HOW TO ROAST THE PERFECT TURKEY - Step-by-step instructions guarantee a perfectly seasoned turkey with crisp skin and white meat that's just as juicy as the dark meat. If you already have a tried-and-true recipe, you may simply like to incorporate the easy dry rub or the night-before tip for crisper skin!

Of course, gravy is also pretty tasty when drizzled over stuffing, and this slow cooker method ⇩⇩ frees up oven space without sacrificing crisp edges.

SLOW COOKER STUFFING (with oven method) -Tender stuffing with crispy edges is 100% possible in a slow cooker, freeing up precious oven space. Classic flavor will win you over, optional add-ins and prep-ahead tips will keep everyone happy!

Easy Make-Ahead Gravy Base
Yield: 2 cups base (or about 4 cups gravy once pan drippings are added)
A quick, lump-free base to which pan drippings are added for a deliciously stress-free gravy. May be prepared up to 4 days in advance.
Ingredients:
  • 3 tablespoons butter
  • 3 tablespoons flour (may use all-purpose GF flour if needed)
  • 2 cups chicken or turkey broth or stock
  • ¼ teaspoon dried thyme leaves
  • ⅛ teaspoon ground sage (optional)
  • Salt and pepper
  • Pan drippings from a turkey or chicken (about 2 cups)
Instructions:

In a medium saucepan, melt the butter and whisk in the flour.

Cook over medium-high heat until the flour is incorporated and white bubbles begin to form on the top of the mixture (also know as “roux”).

Cook the roux for 2-3 minutes after the bubbles have formed, whisking constantly. I aim for a blonde-colored roux, which is a shade or two lighter than peanut butter. (Helpful hint: if you’re on the fence about how dark to let the mixture turn, err on the side of lighter than darker. Color equals flavor, however, a dark roux actually has less thickening power, plus any amount of burned roux will make for undesirable gravy.)

Gradually whisk in the broth, followed by the thyme and sage, whisking constantly until the gravy is thickened and comes to a boil.

Remove from the heat and season with salt and pepper. (Amount of seasoning will depend on broth or stock used, personal preference, and how much salt is in the pan drippings to be added later-and you can always add more later.)

At this point, you may use this as a barebones shortcut gravy right away, or cool, cover and refrigerate the gravy base for as long as 4 days. Reheat it in a pot that will accommodate the pan drippings, if using. In that case, when the turkey is done, skim off the fat and pour the drippings into the gravy base-aim for about 2 cups.  Adjust seasoning to taste and enjoy.

Options:

If you have fresh herbs on hand, you could use a scant teaspoon of minced fresh thyme and a half teaspoon of minced fresh sage. You could also soften a minced shallot in the butter before adding the flour and making the roux.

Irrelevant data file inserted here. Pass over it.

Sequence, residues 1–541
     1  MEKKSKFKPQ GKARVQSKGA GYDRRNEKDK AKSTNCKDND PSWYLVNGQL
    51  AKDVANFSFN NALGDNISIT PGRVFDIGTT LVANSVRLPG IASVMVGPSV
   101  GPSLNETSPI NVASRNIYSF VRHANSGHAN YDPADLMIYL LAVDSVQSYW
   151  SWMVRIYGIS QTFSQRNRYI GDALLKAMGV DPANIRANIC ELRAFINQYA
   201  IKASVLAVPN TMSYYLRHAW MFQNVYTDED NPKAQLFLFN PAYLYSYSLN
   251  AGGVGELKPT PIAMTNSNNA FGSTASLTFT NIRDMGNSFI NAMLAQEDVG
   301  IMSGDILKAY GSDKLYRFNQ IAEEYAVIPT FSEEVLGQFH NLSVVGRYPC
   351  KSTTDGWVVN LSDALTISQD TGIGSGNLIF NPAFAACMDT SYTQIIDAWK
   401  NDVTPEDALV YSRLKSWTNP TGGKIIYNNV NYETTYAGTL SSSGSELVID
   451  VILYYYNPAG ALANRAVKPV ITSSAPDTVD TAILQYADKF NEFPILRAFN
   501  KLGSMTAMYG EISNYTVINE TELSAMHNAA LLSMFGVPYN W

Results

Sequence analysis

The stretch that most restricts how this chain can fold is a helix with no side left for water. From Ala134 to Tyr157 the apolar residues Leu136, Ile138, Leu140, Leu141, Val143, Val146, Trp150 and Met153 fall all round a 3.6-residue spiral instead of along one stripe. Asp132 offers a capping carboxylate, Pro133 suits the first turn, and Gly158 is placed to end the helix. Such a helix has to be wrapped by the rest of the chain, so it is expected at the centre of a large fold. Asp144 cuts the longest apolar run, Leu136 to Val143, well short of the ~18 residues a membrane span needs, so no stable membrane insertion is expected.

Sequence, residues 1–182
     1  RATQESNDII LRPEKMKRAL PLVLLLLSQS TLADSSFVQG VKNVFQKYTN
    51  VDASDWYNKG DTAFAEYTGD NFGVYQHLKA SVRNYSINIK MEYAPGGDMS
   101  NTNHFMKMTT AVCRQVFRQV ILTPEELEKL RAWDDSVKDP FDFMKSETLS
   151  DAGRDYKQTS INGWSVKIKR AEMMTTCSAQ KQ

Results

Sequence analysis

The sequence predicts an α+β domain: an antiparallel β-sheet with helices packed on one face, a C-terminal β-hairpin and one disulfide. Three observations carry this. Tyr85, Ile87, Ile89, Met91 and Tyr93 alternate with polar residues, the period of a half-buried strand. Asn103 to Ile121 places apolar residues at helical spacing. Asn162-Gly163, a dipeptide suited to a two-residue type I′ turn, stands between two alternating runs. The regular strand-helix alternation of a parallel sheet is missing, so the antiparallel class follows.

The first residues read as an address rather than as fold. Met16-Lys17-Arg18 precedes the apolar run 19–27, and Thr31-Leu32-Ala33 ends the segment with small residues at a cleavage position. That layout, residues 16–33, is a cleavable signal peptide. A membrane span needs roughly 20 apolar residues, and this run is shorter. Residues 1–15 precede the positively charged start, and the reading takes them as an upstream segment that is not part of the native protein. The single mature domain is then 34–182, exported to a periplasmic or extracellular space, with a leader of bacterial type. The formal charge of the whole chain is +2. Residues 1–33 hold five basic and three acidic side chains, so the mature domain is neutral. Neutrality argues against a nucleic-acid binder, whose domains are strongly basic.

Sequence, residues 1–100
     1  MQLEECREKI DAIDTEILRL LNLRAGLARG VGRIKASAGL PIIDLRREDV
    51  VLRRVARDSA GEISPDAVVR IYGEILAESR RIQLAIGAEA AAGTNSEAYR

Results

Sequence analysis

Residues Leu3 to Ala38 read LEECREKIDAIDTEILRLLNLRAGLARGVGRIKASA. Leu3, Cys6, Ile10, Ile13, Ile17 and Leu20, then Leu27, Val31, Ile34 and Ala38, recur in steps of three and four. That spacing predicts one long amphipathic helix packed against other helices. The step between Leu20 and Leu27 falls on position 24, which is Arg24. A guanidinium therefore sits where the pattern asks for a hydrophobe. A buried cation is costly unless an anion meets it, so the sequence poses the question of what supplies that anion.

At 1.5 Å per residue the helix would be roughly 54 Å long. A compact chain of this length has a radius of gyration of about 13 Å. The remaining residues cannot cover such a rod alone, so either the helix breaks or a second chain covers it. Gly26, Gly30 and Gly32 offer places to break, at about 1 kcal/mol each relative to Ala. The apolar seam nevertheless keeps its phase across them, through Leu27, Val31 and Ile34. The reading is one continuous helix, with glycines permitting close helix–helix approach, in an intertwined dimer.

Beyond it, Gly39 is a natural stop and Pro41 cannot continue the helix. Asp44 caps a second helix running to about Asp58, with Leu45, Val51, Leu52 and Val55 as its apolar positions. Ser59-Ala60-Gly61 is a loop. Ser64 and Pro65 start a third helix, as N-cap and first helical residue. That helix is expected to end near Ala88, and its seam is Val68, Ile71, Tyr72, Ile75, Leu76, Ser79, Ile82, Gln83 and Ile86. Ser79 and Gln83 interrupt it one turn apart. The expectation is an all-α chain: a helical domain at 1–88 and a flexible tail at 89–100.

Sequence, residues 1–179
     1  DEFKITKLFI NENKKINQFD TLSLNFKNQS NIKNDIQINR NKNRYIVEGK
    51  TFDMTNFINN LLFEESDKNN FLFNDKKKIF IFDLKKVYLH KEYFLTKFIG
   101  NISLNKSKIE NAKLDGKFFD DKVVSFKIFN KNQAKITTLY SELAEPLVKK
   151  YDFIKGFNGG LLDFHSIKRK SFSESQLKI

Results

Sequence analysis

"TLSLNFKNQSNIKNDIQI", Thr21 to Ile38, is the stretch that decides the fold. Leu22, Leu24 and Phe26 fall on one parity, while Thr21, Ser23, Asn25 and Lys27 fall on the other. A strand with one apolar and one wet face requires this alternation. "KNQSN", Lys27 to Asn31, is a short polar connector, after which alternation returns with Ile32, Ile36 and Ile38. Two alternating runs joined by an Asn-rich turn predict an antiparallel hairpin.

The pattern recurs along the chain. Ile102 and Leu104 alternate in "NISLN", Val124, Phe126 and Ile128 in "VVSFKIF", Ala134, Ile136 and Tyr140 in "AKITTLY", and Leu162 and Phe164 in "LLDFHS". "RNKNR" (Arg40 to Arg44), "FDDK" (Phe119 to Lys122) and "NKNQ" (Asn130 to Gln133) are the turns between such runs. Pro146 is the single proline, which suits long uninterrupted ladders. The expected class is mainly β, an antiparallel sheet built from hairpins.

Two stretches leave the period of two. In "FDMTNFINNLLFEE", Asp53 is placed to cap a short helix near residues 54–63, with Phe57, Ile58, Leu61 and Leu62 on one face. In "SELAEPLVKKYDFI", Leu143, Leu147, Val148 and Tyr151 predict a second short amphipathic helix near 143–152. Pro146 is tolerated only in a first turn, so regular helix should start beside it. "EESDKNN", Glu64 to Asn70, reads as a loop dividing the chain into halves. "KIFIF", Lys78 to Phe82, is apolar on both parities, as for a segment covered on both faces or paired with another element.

For added savory flavor, sautéed mushrooms may be added.
A splash or two of cream may be stirred in at the end for added decadence.
If you enjoy giblets, you could add some minced, cooked giblets to the gravy. My mom likes to simmer them in a small pot with just enough water to cover (along with the turkey neck) to thoroughly cook them and then add that cooking liquid to the pan drippings.
For a shortcut vegan gravy, use vegan butter (like Earth Balance) and vegetable stock. In this case, the addition of sautéed onions and mushrooms would provide depth of flavor.
I like that this gravy isn’t too thick. If you prefer a thicker gravy, however, you may add an extra tablespoon each of butter and flour when starting the roux.

The Fountain Avenue Kitchen https://fountainavenuekitchen.com/

 

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Comments

  1. Mary

    Ann, Thank you! This worked perfectly! and thank you for voicing the stress I feel on making roux, gravy, etc., aaaack! But I love eating it! Mary

    Reply
    1. Ann Post author

      Wonderful, Mary! Thank you for letting me know. I think everything tastes better when it’s stress-free, too. 😉

      Reply
  2. Karen O

    Hi Ann, Have you ever used arrowroot in this instead of flour. I’m curious what the proportions would be using it. Perhaps I’ll try it using the directions for the flour. Have a happy Thanksgiving. Thanks for trying to save us time and energy on the holidays.

    Reply
    1. Ann Post author

      Hi Karen, I’ve used it in similar sauces, with good results. Using either arrowroot or cornstarch will change the ratio because they are stronger thickeners than flour. A general rule of thumb is to use one-third the amount. So in this case, you’d want to use 1 tablespoon of arrowroot (or cornstarch) in place of the 3 tablespoons of regular or gluten-free flour. I hope you enjoy and happy Thanksgiving to you, too!

      Reply